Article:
But perhaps the biggest issue is that the argument for burial is basically an argument from ignorance. They don't provide much evidence for burial; simply rule out many alternatives. But until all alternatives are ruled out; burial isn't proven. For instance, I have a suggestion: might Homo naledi have been seeking shelter in the cave. Just like modern chimps do on hot days. Some went a bit too far in, fell down the slope and couldn't get back out.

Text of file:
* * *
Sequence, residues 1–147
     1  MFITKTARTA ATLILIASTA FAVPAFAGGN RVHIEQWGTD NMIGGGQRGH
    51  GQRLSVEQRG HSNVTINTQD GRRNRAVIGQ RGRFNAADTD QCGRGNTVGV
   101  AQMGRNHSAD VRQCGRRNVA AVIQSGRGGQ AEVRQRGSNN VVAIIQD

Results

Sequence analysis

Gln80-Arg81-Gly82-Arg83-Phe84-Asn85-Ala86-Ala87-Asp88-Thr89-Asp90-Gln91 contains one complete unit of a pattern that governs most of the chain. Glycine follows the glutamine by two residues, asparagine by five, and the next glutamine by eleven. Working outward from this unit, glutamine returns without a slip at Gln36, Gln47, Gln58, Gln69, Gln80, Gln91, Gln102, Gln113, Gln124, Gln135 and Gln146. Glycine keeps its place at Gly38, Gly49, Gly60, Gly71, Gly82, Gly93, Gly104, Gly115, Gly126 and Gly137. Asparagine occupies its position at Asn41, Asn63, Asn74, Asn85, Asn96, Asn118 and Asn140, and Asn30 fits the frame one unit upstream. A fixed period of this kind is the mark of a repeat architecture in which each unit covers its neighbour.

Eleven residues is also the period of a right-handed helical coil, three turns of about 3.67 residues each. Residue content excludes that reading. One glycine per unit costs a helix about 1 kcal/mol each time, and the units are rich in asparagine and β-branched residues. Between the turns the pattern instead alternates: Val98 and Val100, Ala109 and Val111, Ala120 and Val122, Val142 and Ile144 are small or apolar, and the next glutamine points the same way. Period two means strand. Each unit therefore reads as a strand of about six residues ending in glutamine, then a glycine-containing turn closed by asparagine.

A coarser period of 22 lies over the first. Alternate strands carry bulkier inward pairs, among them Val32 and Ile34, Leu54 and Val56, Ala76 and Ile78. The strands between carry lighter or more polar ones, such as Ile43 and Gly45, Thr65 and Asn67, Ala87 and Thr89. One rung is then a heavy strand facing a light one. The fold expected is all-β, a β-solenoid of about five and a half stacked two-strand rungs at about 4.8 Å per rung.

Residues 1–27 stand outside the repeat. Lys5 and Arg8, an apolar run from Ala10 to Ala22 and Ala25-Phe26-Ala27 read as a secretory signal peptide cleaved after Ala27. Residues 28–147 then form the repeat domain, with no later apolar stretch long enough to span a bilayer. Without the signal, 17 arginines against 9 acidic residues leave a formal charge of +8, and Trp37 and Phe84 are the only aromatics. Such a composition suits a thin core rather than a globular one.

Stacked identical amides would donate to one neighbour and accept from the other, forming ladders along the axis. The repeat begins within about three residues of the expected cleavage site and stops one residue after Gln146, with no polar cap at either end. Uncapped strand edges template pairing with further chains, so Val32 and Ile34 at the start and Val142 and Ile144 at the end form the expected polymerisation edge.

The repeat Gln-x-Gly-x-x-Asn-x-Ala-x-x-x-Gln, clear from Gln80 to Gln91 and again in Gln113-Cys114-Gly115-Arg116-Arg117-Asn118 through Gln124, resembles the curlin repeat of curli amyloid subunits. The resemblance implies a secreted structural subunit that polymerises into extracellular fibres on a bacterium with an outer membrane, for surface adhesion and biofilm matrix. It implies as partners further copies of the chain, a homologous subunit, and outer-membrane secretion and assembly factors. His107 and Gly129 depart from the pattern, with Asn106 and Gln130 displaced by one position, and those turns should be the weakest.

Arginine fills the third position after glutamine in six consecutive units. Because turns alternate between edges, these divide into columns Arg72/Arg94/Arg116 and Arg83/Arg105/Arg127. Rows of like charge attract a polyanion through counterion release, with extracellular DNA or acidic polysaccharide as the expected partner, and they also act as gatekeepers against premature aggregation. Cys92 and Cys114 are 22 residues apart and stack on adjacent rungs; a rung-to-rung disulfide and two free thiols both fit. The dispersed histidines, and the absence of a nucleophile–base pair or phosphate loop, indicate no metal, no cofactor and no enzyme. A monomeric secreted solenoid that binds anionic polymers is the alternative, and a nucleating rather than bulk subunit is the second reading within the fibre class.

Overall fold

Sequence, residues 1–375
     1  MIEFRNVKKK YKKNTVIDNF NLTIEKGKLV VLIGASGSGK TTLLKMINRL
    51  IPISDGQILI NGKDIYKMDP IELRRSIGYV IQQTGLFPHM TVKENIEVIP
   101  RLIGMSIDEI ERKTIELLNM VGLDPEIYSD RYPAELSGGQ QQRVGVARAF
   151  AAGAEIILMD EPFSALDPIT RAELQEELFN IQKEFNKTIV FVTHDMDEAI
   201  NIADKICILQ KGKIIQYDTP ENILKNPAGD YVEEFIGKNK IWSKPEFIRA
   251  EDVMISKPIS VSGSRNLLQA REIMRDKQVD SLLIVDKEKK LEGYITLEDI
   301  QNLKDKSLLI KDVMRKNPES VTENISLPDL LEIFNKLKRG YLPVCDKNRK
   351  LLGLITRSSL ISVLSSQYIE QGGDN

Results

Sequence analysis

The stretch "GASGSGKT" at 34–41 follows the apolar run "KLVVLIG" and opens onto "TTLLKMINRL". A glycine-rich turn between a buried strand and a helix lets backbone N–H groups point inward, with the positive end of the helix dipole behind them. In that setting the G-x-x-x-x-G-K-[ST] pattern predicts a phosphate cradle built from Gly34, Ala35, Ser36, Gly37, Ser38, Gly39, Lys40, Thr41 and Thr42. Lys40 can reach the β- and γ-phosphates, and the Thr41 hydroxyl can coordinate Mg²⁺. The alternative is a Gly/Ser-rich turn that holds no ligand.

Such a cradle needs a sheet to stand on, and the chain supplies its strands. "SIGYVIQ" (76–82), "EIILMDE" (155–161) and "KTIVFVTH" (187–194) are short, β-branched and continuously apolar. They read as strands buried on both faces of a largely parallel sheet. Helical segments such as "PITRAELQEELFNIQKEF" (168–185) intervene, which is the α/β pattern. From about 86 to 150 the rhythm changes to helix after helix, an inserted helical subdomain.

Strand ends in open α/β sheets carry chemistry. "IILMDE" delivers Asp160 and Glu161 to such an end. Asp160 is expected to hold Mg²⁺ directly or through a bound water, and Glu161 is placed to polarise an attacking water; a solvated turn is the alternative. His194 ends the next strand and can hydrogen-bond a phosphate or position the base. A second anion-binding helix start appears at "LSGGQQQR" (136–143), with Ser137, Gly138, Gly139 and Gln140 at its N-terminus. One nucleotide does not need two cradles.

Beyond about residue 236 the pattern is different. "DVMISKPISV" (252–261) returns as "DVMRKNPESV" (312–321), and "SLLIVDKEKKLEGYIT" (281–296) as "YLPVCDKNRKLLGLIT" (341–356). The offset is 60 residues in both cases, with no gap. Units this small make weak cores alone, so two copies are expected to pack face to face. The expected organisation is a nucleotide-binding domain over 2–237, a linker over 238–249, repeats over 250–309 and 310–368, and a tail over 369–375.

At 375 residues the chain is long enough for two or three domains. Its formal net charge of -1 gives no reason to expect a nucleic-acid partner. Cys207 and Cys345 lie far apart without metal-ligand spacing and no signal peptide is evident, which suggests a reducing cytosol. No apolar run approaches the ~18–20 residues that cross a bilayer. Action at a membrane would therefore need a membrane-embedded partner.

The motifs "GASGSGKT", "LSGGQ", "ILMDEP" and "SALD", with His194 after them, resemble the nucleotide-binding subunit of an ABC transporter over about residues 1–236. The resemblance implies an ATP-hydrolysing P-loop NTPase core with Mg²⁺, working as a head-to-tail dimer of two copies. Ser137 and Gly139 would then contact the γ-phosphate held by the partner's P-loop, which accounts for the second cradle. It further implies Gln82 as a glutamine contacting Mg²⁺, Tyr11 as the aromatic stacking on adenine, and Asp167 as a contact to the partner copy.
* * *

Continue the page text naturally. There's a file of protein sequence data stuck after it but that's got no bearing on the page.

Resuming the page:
Regardless, something very interesting is going on here. Maybe it's human relatives behaving like chimps. Maybe it's burial of the dead. More work is needed to figure out what exactly is going on though. So be excited, but don't jump on the researchers' bandwagon just yet.


Boyd and Silk, 2012. How Humans evolved.

Dirks, P. H., Kibii, J. M., Kuhn, B. F., Steininger, C., Churchill, S. E., Kramers, J. D., ... & Berger, L. R. (2010). Geological setting and age of Australopithecus sediba from southern Africa. Science, 328(5975), 205-208.

Dirks, P. H., Berger, L. R., Roberts, E. M., Kramers, J. D., Hawks, J., Randolph-Quinney, P. S., ... & Tucker, S. (2015). Geological and taphonomic context for the new hominin species Homo naledi from the Dinaledi Chamber, South Africa. eLife, 4, e09561.